Now, I understand that some clients seek a job in a larger urban environment (for various reasons). In that case, yes--- market size goes hand-in-hand with the obvious benefits of living in a more vibrant urban setting and all that entails.
But, salaries are determined by a number of factors, market size being just one of them. Another of those factors is salaries across the street. Most stations in any given city pay the same salary ranges. For example, if a station pays $40k for general assignment reporters, you can expect it's competitors to pay about the same.
Of course, the economics of an area play an important role in what stations will pay. If the cost of living is low, the salaries will be low compared to a city where the cost of living is high.
We had a client making more than $100,000 a year plus the use of a Mercedes as a company car, cellular phone, golf membership at an exclusive country club and a hefty clothing allowance. The city where he worked wasn't even in the Top 100 by population.
Another example: A Top 20 market that was formerly paying $60,000 to $75,000 for a front line anchor until... Station "A" in the market hired anchor "X" away from competitor "B" and paid anchor "X" $200,000. Station "B" hired a new anchor "Y" and wound up paying him $150,000.
Or, take the story of an anchor working at an independent in a top thirty market. He left a weekend job in a top five market, and people thought he was nuts. What they didn’t know was that weekend gig was strictly a free-lance position (as many are in larger markets), and now he is salaried at $77,000/year (plus all the benefits) and works just four hours a day.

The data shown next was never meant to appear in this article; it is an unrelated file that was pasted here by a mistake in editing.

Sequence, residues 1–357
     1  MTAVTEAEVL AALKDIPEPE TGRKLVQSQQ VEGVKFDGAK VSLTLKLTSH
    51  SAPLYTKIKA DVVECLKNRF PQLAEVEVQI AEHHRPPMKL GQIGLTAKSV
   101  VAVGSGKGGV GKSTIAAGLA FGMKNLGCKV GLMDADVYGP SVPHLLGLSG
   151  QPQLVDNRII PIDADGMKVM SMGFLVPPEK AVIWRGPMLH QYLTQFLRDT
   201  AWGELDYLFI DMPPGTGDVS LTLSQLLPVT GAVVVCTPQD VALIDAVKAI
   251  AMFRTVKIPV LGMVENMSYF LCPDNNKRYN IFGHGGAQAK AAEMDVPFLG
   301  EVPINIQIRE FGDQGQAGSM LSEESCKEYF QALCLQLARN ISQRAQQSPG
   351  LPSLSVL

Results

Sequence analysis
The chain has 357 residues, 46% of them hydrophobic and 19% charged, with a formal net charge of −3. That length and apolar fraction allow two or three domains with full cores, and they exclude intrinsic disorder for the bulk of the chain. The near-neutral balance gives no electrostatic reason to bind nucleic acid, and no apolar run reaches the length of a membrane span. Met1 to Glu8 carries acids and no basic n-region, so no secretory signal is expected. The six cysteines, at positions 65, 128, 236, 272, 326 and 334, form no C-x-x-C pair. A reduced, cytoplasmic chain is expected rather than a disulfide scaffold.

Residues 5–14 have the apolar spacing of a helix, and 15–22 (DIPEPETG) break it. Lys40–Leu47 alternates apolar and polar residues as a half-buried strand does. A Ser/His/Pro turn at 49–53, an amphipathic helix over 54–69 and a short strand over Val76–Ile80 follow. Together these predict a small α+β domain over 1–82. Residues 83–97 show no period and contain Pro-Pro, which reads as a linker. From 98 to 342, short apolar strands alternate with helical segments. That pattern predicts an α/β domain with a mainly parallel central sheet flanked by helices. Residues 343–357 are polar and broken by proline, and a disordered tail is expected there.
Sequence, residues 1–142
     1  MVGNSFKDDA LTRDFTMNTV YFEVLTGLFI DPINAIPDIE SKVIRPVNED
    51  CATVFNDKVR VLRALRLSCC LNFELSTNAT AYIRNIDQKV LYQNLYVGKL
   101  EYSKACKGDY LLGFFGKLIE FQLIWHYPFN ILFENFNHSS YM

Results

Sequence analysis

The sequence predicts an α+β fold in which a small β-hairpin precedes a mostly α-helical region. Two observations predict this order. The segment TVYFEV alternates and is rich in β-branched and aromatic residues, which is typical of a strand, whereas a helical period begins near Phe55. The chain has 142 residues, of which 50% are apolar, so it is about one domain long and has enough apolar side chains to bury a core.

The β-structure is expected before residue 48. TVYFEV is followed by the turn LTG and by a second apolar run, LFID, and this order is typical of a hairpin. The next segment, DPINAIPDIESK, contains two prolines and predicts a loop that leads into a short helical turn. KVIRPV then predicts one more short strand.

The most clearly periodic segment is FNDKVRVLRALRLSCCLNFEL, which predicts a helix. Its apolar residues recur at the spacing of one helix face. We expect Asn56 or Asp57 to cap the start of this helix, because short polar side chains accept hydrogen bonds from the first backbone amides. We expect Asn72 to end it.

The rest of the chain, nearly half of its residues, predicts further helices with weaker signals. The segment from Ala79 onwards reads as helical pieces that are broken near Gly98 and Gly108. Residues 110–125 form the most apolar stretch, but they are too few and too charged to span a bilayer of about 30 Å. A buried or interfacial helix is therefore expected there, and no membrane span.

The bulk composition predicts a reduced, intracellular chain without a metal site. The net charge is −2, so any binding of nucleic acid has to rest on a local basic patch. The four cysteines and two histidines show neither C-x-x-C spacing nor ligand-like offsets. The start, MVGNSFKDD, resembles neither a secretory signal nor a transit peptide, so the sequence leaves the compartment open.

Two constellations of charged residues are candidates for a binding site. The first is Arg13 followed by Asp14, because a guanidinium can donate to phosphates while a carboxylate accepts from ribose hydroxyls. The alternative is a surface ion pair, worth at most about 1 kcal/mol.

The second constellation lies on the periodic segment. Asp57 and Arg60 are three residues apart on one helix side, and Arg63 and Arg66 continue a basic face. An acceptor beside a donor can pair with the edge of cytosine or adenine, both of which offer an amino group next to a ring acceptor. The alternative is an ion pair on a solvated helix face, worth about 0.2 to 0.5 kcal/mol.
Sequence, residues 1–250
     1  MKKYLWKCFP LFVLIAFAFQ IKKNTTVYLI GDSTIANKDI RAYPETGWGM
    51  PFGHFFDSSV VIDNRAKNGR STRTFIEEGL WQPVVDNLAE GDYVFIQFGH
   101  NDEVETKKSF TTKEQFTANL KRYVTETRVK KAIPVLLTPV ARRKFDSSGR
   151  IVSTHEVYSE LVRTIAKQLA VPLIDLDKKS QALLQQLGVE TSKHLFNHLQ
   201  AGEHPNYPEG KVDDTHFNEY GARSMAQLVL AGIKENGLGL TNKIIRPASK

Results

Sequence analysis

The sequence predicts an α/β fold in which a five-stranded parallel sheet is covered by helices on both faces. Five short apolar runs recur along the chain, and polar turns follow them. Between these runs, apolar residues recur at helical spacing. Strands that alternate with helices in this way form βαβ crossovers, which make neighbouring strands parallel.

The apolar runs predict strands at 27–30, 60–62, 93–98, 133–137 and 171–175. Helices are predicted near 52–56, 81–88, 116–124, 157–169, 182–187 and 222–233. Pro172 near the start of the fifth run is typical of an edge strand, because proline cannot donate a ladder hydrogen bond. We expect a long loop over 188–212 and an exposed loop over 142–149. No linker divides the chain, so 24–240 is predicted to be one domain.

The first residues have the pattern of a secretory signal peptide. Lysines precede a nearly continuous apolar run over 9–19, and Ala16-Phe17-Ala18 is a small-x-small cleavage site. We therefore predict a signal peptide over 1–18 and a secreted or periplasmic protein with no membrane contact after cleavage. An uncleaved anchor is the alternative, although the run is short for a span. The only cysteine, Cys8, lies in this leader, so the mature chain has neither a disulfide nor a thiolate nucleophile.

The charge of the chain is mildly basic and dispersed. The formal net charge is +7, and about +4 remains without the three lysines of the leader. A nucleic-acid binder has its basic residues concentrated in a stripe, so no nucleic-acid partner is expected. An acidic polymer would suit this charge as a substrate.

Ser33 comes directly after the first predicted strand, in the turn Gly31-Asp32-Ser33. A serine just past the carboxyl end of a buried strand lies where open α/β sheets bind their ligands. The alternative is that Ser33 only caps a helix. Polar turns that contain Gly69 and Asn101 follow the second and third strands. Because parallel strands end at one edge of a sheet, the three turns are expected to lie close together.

One more example: Chief Meteorologist in market #129? Makes $125k per year--- living on the beach!
Every market and every station is unique unto itself. Our advice is that you forget market size and concentrate on being better at what you do.
Additionally, don’t be afraid to drop down a few markets for a new job. We recently landed a job for a client that paid $40,000/year more than he already made in a state in which he had family and in a job that was a perfect match. His first question was, “What market size is that?” I winced. Mind you, he had already read this same document you’re eyeballing now, but---obviously----he retained little of it. Next question was, “Won’t that look bad on my résumé? What will people think to see me drop from market fifty to market seventy?” Wince some more, grit my teeth.
No, it does not look “bad” on a résumé. Any manager who knows anything about the business is already past the fallacy of placing too much importance on market sizes. Young, inexperienced, ego-driven persons who want all their young, inexperienced, ego-driven college buddies to think they’ve hit the big time are the only ones who care about market size.
AND, If you’re going to worry more about what other people think of your printed résumé (instead of your videos), then you’re in the wrong business.
So, ask yourself— what’s more important: